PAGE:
What then does Indian Verdict - 2004 mean? The claim of the Congress that it was a mandate for Sonia is understandable though the media's seconding the same is perplexing. In fact, the media's dubbing the party's hold on 145 Lok Sabha seats, out of 543 elected ones, as a people's mandate for her makes it amusing. The Indian media that never gets tired of heaping praises upon the literate Kerala voters, for once, has muted itself as the Congress came a cropper with a cipher. What did the Kerala voters convey after all? Was it not a nay to Sonia? Then, what about the much-touted Karnataka voters that supposedly differentiate an assembly ballot from the parliamentary franchise? They too would not fit in the mandate for Sonia frame for they did not echo to the Congress tune this time. If the Tamil voters were asked to raise their hands for Sonia's 'Hand', how many hands would have risen but yet, all their MPs were all set to help her rule the Indian roost. The Andhra voters, rightly or wrongly, voted out the incumbent CM's MLA-hopefuls but by turning the applecart of TDP MP's, were they clamoring to see Sonia anointed as India's PM? Doubt for while pressing the EVM's Congress button in the Parliamentary booth, their ire would have been still on their CM. It's by such hands as these that the great Indian mobocracy, sought to be glorified as the world's largest democracy, has come to be nursed! Yet, the lengths to which Indian media goes to build the myth of India's electoral maturity is exemplified by The Hindu's editorial that tried to reconcile the victory of the left in Kerala and the drubbing of Sonia's party there in the same vein as the verdict for a Secular arrangement at the centre!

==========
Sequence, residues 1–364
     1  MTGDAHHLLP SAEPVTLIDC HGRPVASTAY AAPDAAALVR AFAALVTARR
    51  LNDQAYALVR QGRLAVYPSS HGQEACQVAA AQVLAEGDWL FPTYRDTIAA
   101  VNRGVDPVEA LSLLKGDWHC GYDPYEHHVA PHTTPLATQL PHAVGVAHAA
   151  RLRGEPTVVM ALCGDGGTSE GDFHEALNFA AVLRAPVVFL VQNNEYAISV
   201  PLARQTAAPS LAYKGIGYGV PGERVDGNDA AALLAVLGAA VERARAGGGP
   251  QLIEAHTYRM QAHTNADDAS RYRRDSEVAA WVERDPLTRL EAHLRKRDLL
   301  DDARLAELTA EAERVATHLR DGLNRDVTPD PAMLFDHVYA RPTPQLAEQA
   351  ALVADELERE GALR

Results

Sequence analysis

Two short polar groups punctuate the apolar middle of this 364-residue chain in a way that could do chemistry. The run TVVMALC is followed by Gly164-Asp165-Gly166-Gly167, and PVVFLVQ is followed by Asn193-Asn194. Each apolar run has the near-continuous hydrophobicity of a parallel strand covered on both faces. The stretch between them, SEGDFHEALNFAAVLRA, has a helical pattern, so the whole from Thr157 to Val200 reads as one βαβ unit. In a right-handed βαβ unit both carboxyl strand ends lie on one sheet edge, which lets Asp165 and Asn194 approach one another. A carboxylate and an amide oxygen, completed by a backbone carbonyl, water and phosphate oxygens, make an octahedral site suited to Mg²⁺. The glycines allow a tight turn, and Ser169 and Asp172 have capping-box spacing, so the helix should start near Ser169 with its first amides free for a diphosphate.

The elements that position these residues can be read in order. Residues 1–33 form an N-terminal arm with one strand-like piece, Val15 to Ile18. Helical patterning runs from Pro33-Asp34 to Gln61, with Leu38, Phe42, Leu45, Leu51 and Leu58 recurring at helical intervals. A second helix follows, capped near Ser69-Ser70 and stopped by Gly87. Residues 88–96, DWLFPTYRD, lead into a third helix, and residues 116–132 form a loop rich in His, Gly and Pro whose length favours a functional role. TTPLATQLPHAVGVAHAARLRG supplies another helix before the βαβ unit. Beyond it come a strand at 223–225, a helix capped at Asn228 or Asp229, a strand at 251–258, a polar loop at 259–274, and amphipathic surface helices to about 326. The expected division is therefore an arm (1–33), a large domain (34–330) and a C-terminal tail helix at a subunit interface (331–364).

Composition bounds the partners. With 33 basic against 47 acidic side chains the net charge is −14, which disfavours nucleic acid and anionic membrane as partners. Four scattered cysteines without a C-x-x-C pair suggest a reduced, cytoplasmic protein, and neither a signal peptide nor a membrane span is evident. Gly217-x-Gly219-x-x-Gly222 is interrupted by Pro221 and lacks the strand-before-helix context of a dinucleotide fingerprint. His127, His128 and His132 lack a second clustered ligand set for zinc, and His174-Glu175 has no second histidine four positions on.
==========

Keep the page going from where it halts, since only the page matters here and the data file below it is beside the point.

Above all, as the backdoor to 7, Race Course Road was seemingly nudged open to Sonia by a quirk of fate, wonder at the gall of her backers in making bold to proclaim her 'non-existing mandate' to rule. It's another matter that in the electoral arena, they all were shy to project her as the candidate for the top post. In the final analysis, the very fact that Sonia was able to dream of even grabbing India's premier political post proves that its democratic curry lacks electoral savvy. Coupled to the caste-obsessed and faith-driven electorate, it is the Left's ideological Hindu-hatred and the regional satraps' survival instincts that tried to catapult her to the summit. After all, for the Indian Left that swears by Lenin and Mao, an Antonia Maino on the Indian gaddi is no abnormality. Besides, the regional overlords have to guard their own backyards in the nebulous political environment. If Mayawati ties up with Sonia, won't Mulayam's political citadel come crashing down in UP, and how to avert that happening but by himself joining the bandwagon, never mind his principled opposition all the while for her foreign origin. Analyse and see as the compulsions of the eager become crystal clear.

Thankfully, in the end, as it was not in independent India's fate to suffer the ignominy of being reigned by a foreigner, President Abdul Kalam came up with a constitutional hitch to spike Sonia's ambition to become its Prime Minister. It's another matter though that India had to endure her decade-long anti-Hindu reign through the proxy regime of a nerve-less man and unscrupulous collaborators.


This is the revised edition of my "Irony of Indian Polity" published in Triveni, July – Sep 2004.




Novelist, playwright, short story, non-fiction and articles writer, translator in verses, a little thinker and a budding philosopher of Addendum of Evolution - Origins of the World


Please login to post comments on this story